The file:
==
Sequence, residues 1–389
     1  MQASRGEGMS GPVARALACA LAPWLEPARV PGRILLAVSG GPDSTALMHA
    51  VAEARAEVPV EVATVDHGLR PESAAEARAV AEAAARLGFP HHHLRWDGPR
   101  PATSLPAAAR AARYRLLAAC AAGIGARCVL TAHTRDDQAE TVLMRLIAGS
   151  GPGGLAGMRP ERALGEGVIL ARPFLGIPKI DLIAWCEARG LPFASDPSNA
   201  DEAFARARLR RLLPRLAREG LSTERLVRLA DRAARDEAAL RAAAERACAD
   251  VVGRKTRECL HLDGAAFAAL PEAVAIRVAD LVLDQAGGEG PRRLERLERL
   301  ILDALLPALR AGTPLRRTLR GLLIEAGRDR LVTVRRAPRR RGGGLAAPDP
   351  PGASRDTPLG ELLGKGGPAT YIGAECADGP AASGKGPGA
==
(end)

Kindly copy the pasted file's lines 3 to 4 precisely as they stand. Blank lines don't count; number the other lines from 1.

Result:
    51  VAEARAEVPV EVATVDHGLR PESAAEARAV AEAAARLGFP HHHLRWDGPR
   101  PATSLPAAAR AARYRLLAAC AAGIGARCVL TAHTRDDQAE TVLMRLIAGS